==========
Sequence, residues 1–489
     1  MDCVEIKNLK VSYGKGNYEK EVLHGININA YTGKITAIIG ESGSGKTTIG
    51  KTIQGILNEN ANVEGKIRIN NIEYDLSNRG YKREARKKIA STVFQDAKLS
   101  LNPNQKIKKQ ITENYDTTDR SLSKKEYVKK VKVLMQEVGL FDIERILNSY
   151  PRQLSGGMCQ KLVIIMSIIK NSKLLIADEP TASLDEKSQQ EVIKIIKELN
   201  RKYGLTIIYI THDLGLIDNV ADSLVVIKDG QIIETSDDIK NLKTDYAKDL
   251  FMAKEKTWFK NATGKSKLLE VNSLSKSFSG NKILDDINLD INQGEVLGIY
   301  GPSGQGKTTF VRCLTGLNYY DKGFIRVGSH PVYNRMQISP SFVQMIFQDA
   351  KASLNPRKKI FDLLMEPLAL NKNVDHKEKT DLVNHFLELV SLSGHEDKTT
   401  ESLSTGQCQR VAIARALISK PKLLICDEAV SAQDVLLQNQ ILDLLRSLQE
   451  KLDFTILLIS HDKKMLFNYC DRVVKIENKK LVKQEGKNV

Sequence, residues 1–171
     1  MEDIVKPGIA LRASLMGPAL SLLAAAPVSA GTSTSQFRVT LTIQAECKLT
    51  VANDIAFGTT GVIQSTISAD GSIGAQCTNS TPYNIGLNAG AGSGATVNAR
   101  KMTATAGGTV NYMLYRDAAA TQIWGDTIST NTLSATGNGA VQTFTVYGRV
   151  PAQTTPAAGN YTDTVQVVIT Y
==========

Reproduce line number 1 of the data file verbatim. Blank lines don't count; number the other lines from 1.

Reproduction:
Sequence, residues 1–489